Leadership isn't something that Rosie Dillon actively seeks out, but it continues to find her.
The 2020 joint Best & Fairest was voted into St Kilda’s Emerging Leaders group – a new addition to its leadership model this pre-season – alongside Tarni White and Nicola Xenos late last year, marking her first official leadership role at the club.
Dillon previously served as co-vice-captain of Hawthorn’s VFLW side in 2019, stepping into the role after “pull[ing] her finger out” to get in shape and piece together a campaign which ultimately saw her drafted to the Saints.
The Emerging Leaders group will accompany St Kilda’s streamlined leadership team led by captain Hannah Priest, vice-captains Kate Shierlaw and Rhi Watt, Tilly Lucas-Rodd and newcomer Bianca Jakobsson.
“You look at those girls and you see them and know them as your leaders. You definitely view them in every aspect of their life as being elite and being able to lead,” Dillon told saints.com.au.
“I feel like we’ve got a lot of mature leaders – not saying that I’m not mature, but I’m not quite there yet! – in the core leadership group and I think Tarni, Nic and I bring a bit of diversity and a fresh perspective to that.
“We obviously have a lot to learn and a lot to learn from those women, but at the same time I don’t think we should completely change who we are. That roughness around the edges is always authentic, so I think that’s something good to bring to the table.”
While Dillon says the edges will be buffed out in time, being able to come into the leadership group during the formative stages of her career will be beneficial in the long run.
That rawness – and even “immaturity” in terms of experience compared to the rest of the leadership group – hasn’t shown on-field for Dillon, whose voice at stoppage and around the ground is held in high regard by her teammates.
The 25-year-old strung together a solid display last Friday against Richmond (10 disposals, five clearances, one goal) in what was her first game following pre-season ankle surgery.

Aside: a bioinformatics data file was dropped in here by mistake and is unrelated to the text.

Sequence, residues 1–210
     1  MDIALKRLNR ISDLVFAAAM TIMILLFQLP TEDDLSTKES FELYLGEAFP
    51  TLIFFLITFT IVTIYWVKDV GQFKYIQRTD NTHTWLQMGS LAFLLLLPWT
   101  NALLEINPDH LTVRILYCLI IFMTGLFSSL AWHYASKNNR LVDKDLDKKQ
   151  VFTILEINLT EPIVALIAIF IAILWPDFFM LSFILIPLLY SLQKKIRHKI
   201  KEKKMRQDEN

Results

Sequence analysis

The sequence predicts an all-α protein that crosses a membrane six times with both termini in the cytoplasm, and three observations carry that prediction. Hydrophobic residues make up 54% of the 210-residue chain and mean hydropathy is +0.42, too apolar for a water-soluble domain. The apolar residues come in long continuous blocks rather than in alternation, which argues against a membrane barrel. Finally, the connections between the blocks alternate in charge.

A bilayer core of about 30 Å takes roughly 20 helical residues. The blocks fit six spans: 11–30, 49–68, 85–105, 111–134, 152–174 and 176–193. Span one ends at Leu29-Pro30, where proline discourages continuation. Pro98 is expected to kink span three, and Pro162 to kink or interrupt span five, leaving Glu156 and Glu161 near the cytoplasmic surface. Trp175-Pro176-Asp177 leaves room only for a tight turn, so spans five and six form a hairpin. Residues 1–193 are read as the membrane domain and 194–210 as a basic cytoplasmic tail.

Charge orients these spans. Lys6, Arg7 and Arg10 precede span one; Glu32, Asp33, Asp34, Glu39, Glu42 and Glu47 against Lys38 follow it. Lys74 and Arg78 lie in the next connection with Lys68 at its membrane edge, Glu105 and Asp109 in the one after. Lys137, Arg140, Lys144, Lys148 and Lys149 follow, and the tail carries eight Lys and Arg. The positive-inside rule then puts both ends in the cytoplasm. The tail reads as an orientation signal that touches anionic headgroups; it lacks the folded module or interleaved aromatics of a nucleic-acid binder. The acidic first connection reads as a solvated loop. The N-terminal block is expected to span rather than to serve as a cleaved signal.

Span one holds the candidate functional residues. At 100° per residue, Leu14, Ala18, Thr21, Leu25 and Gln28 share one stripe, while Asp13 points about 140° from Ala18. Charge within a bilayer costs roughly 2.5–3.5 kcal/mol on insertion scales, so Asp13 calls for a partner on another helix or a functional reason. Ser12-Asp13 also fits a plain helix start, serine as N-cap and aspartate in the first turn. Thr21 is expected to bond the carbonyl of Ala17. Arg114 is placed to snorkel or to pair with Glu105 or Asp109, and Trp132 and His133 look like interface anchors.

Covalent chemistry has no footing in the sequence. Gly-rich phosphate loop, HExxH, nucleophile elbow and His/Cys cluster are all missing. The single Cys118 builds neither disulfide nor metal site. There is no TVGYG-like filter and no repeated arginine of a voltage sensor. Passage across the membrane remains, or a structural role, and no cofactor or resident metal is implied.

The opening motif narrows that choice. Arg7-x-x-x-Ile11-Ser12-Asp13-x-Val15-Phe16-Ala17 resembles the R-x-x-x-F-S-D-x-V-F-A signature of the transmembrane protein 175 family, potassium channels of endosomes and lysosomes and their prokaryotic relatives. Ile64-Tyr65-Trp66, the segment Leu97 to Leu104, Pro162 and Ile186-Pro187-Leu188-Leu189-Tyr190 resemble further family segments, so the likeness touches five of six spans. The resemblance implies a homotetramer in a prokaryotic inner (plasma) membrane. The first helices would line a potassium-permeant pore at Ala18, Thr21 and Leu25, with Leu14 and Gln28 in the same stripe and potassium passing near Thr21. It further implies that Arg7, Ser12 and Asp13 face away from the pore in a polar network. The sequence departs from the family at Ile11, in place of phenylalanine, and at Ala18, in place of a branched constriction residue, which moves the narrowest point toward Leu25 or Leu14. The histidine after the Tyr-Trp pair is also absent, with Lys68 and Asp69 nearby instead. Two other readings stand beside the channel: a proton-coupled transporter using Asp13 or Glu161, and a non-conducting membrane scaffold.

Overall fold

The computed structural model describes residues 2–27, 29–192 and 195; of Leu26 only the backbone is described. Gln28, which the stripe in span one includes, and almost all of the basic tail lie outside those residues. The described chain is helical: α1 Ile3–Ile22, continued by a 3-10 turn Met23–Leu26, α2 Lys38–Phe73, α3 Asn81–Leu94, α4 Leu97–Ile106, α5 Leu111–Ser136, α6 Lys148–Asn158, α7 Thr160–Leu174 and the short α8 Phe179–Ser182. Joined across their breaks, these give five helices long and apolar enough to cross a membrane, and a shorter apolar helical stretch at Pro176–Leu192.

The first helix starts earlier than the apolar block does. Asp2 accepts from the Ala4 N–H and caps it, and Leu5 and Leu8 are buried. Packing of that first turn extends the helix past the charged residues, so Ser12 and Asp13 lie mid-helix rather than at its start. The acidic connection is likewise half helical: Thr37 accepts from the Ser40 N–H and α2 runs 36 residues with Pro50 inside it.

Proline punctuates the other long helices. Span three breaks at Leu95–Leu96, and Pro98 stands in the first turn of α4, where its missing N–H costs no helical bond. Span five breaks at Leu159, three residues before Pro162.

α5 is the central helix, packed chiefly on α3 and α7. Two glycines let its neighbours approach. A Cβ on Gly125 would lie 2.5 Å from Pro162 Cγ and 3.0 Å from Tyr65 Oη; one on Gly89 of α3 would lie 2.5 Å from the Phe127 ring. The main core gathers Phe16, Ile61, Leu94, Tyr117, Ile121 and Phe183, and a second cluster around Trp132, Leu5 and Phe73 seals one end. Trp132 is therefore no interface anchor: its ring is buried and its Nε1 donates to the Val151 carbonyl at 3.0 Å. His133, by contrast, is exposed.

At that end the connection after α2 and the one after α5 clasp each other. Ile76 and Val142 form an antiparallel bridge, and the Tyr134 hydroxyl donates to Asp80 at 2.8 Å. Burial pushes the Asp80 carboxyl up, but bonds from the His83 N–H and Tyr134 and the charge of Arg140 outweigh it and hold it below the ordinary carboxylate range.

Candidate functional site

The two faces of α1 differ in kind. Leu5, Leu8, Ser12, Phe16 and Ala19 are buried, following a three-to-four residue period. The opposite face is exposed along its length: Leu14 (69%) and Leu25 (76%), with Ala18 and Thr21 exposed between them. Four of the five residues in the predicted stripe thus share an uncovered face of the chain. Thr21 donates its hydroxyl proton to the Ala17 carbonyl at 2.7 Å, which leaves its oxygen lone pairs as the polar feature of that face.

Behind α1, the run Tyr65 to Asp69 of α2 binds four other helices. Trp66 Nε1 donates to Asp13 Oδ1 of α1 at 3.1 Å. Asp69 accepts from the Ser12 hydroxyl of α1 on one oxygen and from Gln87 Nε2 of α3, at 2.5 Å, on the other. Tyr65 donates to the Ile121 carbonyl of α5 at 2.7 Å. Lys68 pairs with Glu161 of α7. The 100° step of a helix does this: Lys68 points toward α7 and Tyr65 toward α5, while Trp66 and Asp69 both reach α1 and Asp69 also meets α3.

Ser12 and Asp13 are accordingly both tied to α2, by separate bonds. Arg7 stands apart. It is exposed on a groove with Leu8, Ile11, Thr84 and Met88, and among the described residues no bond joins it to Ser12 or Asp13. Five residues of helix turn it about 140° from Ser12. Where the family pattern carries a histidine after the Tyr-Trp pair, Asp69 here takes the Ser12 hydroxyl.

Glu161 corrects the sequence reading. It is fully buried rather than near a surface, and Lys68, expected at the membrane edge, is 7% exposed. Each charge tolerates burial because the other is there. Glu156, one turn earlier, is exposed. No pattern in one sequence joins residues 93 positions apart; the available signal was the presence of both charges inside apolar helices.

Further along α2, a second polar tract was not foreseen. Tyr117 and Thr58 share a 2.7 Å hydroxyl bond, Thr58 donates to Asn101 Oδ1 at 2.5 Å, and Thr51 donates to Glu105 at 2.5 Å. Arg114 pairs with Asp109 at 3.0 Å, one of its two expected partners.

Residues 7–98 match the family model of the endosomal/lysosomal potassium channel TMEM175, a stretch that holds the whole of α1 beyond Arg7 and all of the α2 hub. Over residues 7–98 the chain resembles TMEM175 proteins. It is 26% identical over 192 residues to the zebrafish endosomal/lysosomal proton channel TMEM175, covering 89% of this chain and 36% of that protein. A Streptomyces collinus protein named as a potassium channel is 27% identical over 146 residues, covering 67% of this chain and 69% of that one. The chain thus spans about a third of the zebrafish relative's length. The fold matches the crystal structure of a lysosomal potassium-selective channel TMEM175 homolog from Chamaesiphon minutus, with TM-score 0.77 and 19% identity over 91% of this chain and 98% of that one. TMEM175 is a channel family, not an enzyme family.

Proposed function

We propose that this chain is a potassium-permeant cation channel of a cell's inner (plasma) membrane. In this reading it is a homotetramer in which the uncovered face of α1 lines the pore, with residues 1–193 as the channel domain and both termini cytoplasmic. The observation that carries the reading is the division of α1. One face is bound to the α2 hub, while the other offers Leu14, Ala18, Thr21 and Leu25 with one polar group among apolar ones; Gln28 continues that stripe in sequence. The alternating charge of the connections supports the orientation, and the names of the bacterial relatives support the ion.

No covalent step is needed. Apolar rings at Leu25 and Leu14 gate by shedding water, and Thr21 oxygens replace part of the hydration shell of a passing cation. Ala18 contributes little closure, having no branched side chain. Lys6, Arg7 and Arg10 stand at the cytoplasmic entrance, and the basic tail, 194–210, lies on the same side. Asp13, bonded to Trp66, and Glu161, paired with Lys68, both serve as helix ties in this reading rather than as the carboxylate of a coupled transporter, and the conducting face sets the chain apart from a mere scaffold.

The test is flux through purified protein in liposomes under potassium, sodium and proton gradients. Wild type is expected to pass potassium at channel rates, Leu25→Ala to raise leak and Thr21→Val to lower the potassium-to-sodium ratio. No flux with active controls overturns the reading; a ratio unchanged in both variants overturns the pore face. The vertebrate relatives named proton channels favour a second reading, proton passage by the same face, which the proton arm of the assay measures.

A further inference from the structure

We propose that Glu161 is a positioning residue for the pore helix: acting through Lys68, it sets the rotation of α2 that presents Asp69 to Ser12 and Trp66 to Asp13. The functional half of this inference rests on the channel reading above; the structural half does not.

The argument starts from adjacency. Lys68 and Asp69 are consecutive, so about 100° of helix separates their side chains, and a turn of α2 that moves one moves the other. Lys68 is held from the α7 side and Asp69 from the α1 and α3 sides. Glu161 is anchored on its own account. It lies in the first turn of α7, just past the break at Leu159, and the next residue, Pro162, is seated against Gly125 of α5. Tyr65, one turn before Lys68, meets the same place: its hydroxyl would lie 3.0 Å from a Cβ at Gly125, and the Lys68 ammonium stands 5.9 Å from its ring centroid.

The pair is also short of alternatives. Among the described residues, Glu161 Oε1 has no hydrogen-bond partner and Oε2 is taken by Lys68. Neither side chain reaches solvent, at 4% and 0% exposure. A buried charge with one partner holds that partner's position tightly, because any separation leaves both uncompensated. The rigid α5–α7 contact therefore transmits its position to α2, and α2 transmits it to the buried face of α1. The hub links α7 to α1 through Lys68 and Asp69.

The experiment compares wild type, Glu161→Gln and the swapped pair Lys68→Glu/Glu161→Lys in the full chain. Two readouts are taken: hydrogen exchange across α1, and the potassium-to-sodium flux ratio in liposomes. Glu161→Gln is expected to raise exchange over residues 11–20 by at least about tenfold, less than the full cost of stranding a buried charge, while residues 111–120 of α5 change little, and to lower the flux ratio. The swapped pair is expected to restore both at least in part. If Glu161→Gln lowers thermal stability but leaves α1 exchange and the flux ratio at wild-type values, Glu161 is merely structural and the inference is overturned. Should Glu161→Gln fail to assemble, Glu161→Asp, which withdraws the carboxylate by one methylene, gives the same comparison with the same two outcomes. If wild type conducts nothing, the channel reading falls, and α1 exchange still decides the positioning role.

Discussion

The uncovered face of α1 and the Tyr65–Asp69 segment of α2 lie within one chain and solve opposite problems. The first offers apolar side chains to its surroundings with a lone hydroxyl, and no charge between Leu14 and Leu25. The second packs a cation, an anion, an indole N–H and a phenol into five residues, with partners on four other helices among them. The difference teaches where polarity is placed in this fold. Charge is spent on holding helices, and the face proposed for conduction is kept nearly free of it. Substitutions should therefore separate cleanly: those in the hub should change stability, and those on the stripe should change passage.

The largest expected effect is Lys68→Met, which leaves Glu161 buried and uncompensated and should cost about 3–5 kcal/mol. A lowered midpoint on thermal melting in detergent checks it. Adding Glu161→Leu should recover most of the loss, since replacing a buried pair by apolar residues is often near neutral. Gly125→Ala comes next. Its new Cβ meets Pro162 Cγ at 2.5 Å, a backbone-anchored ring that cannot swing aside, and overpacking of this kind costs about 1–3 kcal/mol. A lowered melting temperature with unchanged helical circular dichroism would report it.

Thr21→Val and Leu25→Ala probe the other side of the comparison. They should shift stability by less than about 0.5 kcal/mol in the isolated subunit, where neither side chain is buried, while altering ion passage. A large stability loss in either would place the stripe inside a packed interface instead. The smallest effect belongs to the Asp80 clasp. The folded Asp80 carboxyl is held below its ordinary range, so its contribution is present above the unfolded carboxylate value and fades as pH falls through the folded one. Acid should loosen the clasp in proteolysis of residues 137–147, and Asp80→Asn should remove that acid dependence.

“I guess I’m pretty honoured to be thought of in that way,” Dillon said.
“I just enjoy playing football and I have a lot to say out on the field. I think the girls notice that a bit, so I reckon that’s where that (nomination to the Emerging Leaders group) has come from.
“I wish I was pretty vocal towards the opposition, but unfortunately I’m not brave enough for that, especially facing the likes of Emma Kearney through the middle.”
The tenacious midfielder will be joined by Nicola Xenos in the club’s Emerging Leaders group, whose connection with the young winger predates being drafted to the Saints.
Dillon served as Xenos’ backline coach at Oakleigh Chargers for two seasons before the pair both ended up at St Kilda just three selections apart at pick No. 24 and No. 27 respectively at the 2019 AFL Women's Draft.
“It’s been a nice journey with Nic. She definitely listens a lot more than when I was her coach,” Dillon laughed.
“In our first pre-season at the Saints it was a bit strange. It was hard to change over that relationship into (that of) a teammate and even a mate, but over the past two seasons – especially being in rehab together – we’ve been brought a lot closer and I can call her a mate now.
“She likes my stupid jokes and she talks to me, so I really like that!
“Personally, in my view of Nic, and Tarni as well, they just let their actions speak so loudly. The way they hold themselves around the club... they put themselves in the best possible position to get a role like the one they’ve got.”
As to whether they’re similar traits which saw Dillon's teammates nominate her for a place in the Emerging Leaders group?
“I hope so, but I think that’s just being a good teammate. It goes hand-in-hand for me.”